Target Audience: Biologists and resource managers who are seeking to gain experience developing and running occupancy models. All modeling will be done in R, so a working knowledge of R is required.
SUMMARY AND OBJECTIVES:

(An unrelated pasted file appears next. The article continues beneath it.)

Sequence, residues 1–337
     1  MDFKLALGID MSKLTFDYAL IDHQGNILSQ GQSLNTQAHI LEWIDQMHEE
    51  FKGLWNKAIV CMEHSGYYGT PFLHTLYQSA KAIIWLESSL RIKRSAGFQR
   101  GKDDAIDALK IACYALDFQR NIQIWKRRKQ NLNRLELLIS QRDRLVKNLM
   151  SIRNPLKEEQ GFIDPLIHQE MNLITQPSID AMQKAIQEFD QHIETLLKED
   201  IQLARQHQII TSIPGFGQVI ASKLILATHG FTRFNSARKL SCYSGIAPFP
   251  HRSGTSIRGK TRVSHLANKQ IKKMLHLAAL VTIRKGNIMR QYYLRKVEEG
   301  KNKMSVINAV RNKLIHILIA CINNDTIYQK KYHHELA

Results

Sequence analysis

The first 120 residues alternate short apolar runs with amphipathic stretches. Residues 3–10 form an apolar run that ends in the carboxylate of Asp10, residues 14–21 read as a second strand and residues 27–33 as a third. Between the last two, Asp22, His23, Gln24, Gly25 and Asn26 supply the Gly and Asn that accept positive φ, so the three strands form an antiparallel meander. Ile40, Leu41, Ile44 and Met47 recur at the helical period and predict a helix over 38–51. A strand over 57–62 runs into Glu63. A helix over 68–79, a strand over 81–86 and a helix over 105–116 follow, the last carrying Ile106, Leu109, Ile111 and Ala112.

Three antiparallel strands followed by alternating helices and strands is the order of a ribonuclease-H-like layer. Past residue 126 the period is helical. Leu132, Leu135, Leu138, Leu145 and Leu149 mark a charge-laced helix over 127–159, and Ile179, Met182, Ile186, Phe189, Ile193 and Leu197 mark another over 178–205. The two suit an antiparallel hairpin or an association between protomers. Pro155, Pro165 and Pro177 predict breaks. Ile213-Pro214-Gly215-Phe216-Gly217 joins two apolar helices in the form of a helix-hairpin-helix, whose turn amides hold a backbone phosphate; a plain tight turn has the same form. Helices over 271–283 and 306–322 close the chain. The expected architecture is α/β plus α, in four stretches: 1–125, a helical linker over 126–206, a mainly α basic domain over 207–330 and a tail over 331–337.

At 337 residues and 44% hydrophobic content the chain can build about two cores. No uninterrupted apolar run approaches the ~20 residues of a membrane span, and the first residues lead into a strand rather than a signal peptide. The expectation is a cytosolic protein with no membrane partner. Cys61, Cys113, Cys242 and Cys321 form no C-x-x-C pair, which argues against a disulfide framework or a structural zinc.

Documenting the presence or absence of species across sites is central to ecological studies and management, such as understanding changes in a species' distribution pattern. However, biologists cannot always perfectly know the "state" of a species at a site (present or absent) because survey methods are imperfect. Occupancy modeling is the de facto method for quantifying species distributions while correcting for imperfect detection. The primary R package for analyzing occupancy data is RPresence. This course introduces occupancy modeling through a series of learnR tutorials that include written, video, R exercises, and quiz elements. Topics include basic probability distributions (e.g., the binomial and multinomial distribution), likelihood, single season occupancy models, inclusion of site- and survey-level covariates, model selection, and basic principles of study design. Extensions include the multi-season occupancy, multi-state, and other models. The typical weekly format consists of learnR tutorials and homework that can be done individually or in small groups, posting to a discussion board, and a virtual classroom meeting to debrief homework. The course schedule runs over a 15 week time span (with one week off). The final week(s) of the course include a final project in which participants will analyze a hypothetical dataset and write a short paper that describes the analytical steps and primary results. This course was developed in collaboration between the U.S. Geological Survey (Eastern Ecological Science Center and Vermont Cooperative Fish and Wildlife Research Unit) and the U.S. Fish and Wildlife Service (National Conservation Training Center). Participants should be prepared to work an average of 5 hours per week. Upon completion of this course, participants will be able to: * Use basic probability distributions that are at the center of occupancy modeling. * Describe the basic occupancy model and its assumptions. * Use the R package, RPresence, to analyze occupancy data. * Present results of an occupancy analysis to stakeholders * Build more advanced R skills.